Judicial candidates face sanctions as races turn aggressive; Texas voters jump on the bandwagon
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Texas voters on Tuesday passed a state constitutional amendment that allows the State Commission on Judicial Conduct to investigate and take disciplinary action against judicial candidates who are not currently judges.
The measure passed as judicial races that turn aggressive result in ethical sanctions for tactics “that wouldn’t raise eyebrows in a city council or mayoral run,” Bloomberg Law reports.
“Courts and bar associations are moving against attorney challengers and sitting judges if they step out of line in their campaigns, a growing number of which are fueled by piles of outside cash that raise other ethical red flags,” according to Bloomberg Law.
Bloomberg Law said missteps by judicial candidates in the past year “mainly involve clumsy backroom politicking, familiar political exaggeration, and retail campaign shenanigans not tolerated by the judiciary.”
Unlike politicians, judicial candidates can be sanctioned for misleading statements, Bloomberg Law said.
The article noted these cases:
• An Ohio judicial candidate received a public reprimand this year for incorrectly asserting in a campaign letter that her opponent moved to the county to obtain a judgeship. (Court News Ohio covered the case in May.)
• A Texas appeals judge received a public warning in December 2020 for allowing his name and likeness to be used to promote other candidates on door hanger ads. (Law360 covered the case in December.)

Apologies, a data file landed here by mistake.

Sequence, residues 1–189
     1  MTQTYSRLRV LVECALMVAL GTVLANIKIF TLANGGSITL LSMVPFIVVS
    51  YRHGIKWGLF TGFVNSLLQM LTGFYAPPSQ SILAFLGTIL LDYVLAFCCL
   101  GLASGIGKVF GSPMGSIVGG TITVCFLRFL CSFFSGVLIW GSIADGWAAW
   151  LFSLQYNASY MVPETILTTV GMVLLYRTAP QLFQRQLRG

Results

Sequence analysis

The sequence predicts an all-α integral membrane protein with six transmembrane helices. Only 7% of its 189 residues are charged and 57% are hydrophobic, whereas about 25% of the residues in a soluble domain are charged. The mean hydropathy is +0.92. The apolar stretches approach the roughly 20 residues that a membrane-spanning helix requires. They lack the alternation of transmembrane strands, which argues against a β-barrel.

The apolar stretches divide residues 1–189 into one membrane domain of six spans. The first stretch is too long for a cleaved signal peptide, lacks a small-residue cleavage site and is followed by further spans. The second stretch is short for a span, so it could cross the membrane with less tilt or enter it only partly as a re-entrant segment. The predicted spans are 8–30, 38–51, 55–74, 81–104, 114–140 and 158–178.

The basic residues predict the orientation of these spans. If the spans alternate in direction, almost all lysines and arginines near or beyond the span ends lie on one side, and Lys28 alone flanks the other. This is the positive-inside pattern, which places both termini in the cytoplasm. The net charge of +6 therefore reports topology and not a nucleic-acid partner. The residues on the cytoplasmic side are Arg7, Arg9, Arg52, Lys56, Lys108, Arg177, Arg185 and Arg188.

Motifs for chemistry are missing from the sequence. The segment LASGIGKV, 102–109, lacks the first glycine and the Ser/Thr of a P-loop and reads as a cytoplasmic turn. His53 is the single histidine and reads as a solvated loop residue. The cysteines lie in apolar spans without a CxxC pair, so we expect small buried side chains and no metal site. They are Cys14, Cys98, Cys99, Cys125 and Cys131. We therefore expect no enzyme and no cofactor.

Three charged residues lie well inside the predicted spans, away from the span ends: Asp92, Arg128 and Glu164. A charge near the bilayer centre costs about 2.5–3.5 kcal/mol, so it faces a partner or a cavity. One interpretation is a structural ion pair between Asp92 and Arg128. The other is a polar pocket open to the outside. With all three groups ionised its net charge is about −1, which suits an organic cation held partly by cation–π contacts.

• In Pennsylvania, a state supreme court candidate changed a TV ad to include more context and remove one claim after the Pennsylvania Bar Association said it violated its standards. (The Philadelphia Inquirer covered the change Oct. 31; the candidate won the election.)
The Texas measure allowing ethics investigations of judicial candidates was among two constitutional amendments affecting judges.
State voters also passed a measure requiring 10 years of practice experience in Texas for appellate-level court candidates (previously, out-of-state practice could count toward the total), and requiring eight years of Texas experience for candidates seeking district court judgeships (up from four years).
Despite the new campaign rule in Texas, Craig Enoch, an Austin, Texas, lawyer and former state supreme court justice, isn’t optimistic about changing the climate of aggressive judicial campaigns.
“I’m not sure there are enough rules in place to stop it,” Enoch told Bloomberg Law.